2013 Greater Hartford NBC Connecticut Women Against MS Luncheon - National Multiple Sclerosis Society

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The Connecticut Chapter strives to provide knowledge and assistance to help people with MS and their families maintain the highest possible quality of life. These goals are achieved through vital national and local programs.

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2013 Greater Hartford NBC Connecticut Women Against MS Luncheon

December 12, 2013

Searfoss

Farmington resident Jennifer Searfoss places a raffle ticket in one of the teacup drawing bags while attending the 2013 Greater Hartford NBC Connecticut Women Against MS Luncheon, presented by Comcast, which took place Friday, Dec. 6, at the Connecticut Convention Center in Hartford. Searfoss attended the event as a guest of her mother-in-law Selma Searfoss who, since 2002, has served as a WAMS luncheon table captain. More than 300 people attended the event, which raised over $55,000. Funds raised through National MS Society events ensure ongoing scientific research to help develop better treatments and a cure for multiple sclerosis, a potentially debilitating disease. Funds also provide for the continuation of programs and services offered by the National MS Society, Connecticut Chapter, to the 6,000 residents in the state battling multiple sclerosis. For more information on MS, its effects and the many ways to help make a difference, visitwww.ctfightsMS.org.

O'Toole
Simsbury residents Jennifer and Michael O’Toole pose at the start of the 2013 Greater Hartford NBC Connecticut Women Against MS Luncheon, presented by Comcast, which took place Friday, Dec. 6, at the Connecticut Convention Center in Hartford. The O’Tooles were honored at the event, receiving the Maureen Jessen Volunteer Award in recognition of their work on their Get Your Irish Up For MS event which has raised more than $94,000 since it began in 2008. Michael O’Toole began organizing the event in 2008 in honor of his mother who lived with multiple sclerosis for many years. The Maureen Jessen Volunteer Award is presented annually to an individual who illustrates a strong commitment to public service and unrelenting dedication to the fight against MS. More than 300 people attended the luncheon, which raised over $55,000. Funds raised through National MS Society events ensure ongoing scientific research to help develop better treatments and a cure for multiple sclerosis, a potentially debilitating disease. Funds also provide for the continuation of programs and services offered by the National MS Society, Connecticut Chapter, to the 6,000 residents in the state battling multiple sclerosis. For more information on MS, its effects and the many ways to help make a difference, visit www.ctfightsMS.org.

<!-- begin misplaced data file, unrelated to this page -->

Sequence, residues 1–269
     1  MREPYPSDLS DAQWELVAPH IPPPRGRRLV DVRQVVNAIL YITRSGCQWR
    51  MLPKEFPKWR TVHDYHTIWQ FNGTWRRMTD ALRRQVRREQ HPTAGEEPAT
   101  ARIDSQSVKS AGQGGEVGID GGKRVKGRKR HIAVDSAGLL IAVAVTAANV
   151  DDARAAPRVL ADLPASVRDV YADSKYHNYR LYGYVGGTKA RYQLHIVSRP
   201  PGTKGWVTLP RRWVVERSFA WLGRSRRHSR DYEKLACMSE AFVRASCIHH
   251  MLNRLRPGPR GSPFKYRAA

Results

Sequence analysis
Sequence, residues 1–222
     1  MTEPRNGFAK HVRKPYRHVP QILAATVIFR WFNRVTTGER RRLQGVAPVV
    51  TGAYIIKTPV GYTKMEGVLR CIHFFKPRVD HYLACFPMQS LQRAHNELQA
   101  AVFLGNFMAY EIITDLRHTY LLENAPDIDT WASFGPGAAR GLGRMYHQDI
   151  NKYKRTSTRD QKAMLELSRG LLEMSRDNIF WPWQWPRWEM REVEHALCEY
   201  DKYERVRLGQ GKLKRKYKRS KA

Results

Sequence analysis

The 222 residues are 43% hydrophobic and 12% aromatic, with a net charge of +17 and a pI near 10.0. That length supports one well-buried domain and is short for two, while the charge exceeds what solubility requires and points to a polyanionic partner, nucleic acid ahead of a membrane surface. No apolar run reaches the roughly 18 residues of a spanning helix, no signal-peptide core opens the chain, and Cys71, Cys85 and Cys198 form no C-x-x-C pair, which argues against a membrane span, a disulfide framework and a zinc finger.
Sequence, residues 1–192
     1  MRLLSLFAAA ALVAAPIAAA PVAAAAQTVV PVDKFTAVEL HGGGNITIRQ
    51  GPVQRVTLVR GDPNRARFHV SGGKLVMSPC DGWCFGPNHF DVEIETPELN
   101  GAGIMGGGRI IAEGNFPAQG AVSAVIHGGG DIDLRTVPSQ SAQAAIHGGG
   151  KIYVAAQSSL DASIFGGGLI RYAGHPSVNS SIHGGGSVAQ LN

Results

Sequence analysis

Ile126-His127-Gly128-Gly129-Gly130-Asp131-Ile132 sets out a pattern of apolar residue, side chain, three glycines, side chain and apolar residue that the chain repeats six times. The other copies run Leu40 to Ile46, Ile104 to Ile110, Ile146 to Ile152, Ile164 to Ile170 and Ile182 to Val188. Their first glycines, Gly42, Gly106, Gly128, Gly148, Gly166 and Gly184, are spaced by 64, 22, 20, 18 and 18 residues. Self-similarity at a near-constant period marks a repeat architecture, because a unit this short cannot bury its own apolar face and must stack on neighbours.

Robbin Goodskey
Avon resident Robbin Goodskey and her two daughters, Natalie, and, Lillian, pose at the start of the 2013 Greater Hartford NBC Connecticut Women Against MS Luncheon, presented by Comcast, which took place Friday, Dec. 6, at the Connecticut Convention Center in Hartford. Robbin, who served as a table captain at the women’s luncheon, was diagnosed with multiple sclerosis in 2006, 18 years after her mother, Barbara Byrne, was diagnosed with MS. Robbin, who helps raise awareness through her personal account of living life in the face of MS, also captains the Walk MS fundraising team, Robbin’s Hood. Natalie is a liberal arts major at the University of Connecticut. She will graduate in May. Lillian is a senior in high school. More than 300 people attended the luncheon, which raised over $55,000. Funds raised through National MS Society events ensure ongoing scientific research to help develop better treatments and a cure for multiple sclerosis, a potentially debilitating disease. Funds also provide for the continuation of programs and services offered by the National MS Society, Connecticut Chapter, to the 6,000 residents in the state battling multiple sclerosis. For more information on MS, its effects and the many ways to help make a difference, visit www.ctfightsMS.org.
Fillo
Harford Courant columnist MaryEllen Fillo poses with Larissa Nusser and Lisa Gerrol while attending the 2013 Greater Hartford NBC Connecticut Women Against MS Luncheon, presented by Comcast, which took place Friday, Dec. 6, at the Connecticut Convention Center, located inHartford. Fillo, the paper’s Java columnist, interviewed Nusser, the event’s keynote speaker, and Gerrol, who serves as the CEO and president of the National MS Society, Connecticut Chapter. Fillo, who lives in Plainville, also guests daily on the Jerry Kristafer Show on 102.9 DRC-FM. Nusser, a resident of Staten Island, N.Y., is a certified yoga instructor as well as a certified life coach. She was diagnosed with multiple sclerosis in 2000. Nusser also teaches laughter yoga, the combination of unconditional laughing with yogic breathing, which she practices to remain upbeat and positive in response to the chronic illness she battles. More than 300 people attended the luncheon, which raised more than $55,000. Funds raised through National MS Society events ensure ongoing scientific research to help develop better treatments and a cure for multiple sclerosis, a potentially debilitating disease. Funds also provide for the continuation of programs and services offered by the National MS Society, Connecticut Chapter, to the 6,000 residents in the state battling multiple sclerosis. For more information on MS, its effects and the many ways to help make a difference, visit www.ctfightsMS.org.